- Ray Liotta, Keri Russell, O'Shea Jackson Jr.
- February 24th 2023
- Elizabeth Banks
An American black bear consumes cocaine and goes on a wild killing spree in this horror-comedy.
As far as movie titles go, they don’t get much more outrageous and sensational than Cocaine Bear.
The horror-comedy, directed by Elizabeth Banks, is inspired by a true event that occurred in 1985 – an American black bear discovered and consumed a duffel bag full of cocaine that had been dropped in the wilderness by drug smugglers.
In the real story, the poor bear simply overdosed and was found dead in the Chattahoochee National Forest in Georgia, but in this imaginary tale, she goes on a manic killing spree.
Those at risk of a run-in with ‘Pablo Escobear’ include forest ranger Liz (Margo Martindale), animal rights activist Peter (Jesse Tyler Ferguson), local mum Sari (Keri Russell), her daughter Dee Dee (Brooklynn Prince), her friend Henry (Christian Convery) and drug dealers Daveed (O’Shea Jackson Jr.) and Eddie (Alden Ehrenreich), who are trying to recover their supply for their boss Sydney (the late Ray Liotta).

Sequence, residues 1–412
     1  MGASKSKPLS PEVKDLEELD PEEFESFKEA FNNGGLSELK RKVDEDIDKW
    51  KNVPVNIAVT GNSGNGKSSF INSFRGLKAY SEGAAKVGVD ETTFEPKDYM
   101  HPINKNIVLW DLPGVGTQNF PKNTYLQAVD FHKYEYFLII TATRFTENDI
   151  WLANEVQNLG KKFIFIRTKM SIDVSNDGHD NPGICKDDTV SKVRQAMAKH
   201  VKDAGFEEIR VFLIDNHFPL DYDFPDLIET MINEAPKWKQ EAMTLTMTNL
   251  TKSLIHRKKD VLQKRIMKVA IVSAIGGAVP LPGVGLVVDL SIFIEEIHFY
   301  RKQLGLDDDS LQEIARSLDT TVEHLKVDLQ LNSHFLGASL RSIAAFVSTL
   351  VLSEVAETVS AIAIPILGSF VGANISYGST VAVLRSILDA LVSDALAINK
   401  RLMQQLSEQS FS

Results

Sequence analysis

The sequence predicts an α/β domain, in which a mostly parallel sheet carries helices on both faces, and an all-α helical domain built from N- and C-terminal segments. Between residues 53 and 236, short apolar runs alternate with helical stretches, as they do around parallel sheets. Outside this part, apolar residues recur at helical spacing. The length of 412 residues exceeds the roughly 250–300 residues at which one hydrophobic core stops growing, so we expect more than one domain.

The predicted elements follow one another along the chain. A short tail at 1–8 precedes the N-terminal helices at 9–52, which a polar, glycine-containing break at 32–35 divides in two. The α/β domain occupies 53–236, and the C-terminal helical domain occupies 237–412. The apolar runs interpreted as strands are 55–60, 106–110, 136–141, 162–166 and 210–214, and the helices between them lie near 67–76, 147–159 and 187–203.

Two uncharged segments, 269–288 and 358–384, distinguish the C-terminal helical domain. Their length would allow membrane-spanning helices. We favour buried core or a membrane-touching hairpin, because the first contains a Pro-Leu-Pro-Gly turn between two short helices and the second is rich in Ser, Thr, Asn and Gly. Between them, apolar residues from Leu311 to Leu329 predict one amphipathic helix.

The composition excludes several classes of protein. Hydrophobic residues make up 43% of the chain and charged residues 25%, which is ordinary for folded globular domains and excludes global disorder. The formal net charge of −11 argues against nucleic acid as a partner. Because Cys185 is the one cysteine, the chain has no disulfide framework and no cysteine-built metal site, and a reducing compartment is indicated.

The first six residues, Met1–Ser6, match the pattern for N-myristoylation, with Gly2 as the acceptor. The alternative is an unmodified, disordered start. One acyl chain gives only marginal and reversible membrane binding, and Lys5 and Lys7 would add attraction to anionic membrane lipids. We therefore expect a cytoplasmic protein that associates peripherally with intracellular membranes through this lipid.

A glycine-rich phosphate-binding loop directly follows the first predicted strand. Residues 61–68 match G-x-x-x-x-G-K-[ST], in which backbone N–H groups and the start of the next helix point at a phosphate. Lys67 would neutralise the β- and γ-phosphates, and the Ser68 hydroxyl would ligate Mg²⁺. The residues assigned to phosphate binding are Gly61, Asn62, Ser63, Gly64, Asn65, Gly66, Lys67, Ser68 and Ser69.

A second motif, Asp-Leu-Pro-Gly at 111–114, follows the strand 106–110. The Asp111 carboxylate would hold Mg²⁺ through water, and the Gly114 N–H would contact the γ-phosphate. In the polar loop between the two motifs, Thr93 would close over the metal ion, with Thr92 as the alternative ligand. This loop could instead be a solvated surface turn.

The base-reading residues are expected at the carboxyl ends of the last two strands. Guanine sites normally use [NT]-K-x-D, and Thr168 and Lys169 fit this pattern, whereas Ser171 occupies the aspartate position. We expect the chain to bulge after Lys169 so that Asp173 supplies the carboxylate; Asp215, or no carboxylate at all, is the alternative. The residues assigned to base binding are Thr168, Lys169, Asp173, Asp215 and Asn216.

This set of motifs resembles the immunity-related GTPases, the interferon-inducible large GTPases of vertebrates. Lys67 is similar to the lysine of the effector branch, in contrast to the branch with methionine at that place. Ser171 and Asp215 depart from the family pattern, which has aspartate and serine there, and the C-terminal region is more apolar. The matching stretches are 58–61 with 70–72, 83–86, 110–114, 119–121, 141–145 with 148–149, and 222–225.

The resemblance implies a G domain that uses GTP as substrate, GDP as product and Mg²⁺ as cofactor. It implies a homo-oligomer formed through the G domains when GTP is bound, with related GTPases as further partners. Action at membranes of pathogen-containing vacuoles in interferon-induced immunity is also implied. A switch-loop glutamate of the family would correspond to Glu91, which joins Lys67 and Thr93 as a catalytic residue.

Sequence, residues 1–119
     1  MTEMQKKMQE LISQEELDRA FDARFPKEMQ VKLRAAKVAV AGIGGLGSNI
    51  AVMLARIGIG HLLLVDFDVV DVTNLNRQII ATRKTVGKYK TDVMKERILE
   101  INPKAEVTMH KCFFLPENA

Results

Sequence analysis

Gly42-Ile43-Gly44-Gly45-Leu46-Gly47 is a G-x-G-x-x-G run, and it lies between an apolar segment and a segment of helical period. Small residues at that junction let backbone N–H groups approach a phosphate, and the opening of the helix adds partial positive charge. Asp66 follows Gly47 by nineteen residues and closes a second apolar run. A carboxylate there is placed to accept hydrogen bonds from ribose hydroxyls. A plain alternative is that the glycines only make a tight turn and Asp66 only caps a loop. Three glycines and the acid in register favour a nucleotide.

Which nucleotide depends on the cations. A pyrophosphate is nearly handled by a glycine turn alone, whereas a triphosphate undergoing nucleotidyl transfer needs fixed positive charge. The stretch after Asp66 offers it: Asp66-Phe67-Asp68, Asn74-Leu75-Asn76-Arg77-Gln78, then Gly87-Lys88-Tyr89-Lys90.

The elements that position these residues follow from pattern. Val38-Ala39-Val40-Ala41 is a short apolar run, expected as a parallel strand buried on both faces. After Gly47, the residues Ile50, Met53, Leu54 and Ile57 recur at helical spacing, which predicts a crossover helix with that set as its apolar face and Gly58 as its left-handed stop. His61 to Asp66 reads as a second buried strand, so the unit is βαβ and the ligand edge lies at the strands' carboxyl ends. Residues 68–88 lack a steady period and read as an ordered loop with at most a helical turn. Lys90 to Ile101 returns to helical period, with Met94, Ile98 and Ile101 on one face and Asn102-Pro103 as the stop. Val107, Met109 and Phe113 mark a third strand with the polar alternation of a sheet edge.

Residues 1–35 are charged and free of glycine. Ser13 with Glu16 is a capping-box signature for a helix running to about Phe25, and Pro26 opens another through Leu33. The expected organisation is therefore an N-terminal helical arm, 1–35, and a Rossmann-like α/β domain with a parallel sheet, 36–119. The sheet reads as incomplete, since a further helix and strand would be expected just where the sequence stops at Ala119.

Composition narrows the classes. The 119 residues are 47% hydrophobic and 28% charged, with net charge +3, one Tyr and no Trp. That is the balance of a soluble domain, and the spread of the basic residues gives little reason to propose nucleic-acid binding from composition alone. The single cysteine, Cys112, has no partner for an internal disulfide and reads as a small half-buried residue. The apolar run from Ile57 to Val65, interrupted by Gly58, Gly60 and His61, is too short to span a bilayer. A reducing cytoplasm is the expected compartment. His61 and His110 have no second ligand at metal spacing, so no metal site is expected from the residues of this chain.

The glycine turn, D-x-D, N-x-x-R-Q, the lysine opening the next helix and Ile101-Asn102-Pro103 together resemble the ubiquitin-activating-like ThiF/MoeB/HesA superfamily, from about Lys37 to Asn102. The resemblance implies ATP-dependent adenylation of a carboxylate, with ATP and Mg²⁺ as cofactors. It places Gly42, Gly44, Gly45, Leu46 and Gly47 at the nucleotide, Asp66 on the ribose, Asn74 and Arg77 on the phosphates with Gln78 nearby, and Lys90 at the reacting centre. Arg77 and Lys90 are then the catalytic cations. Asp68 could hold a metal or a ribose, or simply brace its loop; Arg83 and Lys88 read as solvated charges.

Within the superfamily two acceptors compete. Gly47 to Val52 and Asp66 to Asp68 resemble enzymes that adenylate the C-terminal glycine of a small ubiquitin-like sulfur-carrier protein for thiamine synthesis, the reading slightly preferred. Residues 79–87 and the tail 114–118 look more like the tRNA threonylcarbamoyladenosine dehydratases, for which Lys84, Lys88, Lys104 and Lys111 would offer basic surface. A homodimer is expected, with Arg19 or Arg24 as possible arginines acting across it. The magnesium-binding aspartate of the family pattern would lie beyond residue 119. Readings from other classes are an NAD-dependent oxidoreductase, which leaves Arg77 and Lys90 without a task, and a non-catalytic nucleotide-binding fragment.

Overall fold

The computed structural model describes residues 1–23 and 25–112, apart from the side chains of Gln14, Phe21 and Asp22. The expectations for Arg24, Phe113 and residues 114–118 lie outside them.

Cocaine Bear lives up to its ridiculous title. Banks knew exactly what audiences wanted from a movie titled Cocaine Bear and gives us that.
It owns its silliness and is absurd, gruesome and very funny. It does not take itself remotely seriously and this light-hearted tone is established at the outset with a pair of Scandinavian hikers called Olaf and Elsa (presumably a nod to Frozen) and a quote sourced from Wikipedia.
Sure, you could easily criticise it for being rather one-note and for having thin, stereotypical characters. But, at the end of the day, everyone has come to see a bear take cocaine and kill a bunch of humans and it delivers upon that promise.
The deaths are inventive, brutal and darkly funny and definitely not for people who dislike gore.
However, these kills happen with a tongue-in-cheek tone so they aren’t scary, they’re just totally gross. It’s best to watch it with a crowd to hear everyone else’s reactions!
The novelty of the concept definitely wears off in the second half, but at only 95 minutes, Cocaine Bear moves swiftly and doesn’t outstay its welcome.
The jokes don’t hit every single time but there are so many of them that the success rate is still pretty high.
Martindale and Convery are the funniest of the bunch, although everyone hams up their characters and makes them as funny as possible.
In a cinematic landscape dominated by rehashing existing IP over and over, it feels refreshing to see something so bold and original as Cocaine Bear.
It isn’t objectively a good movie but it meets expectations and delivers one wickedly fun ride.
In cinemas from Friday 24th February.
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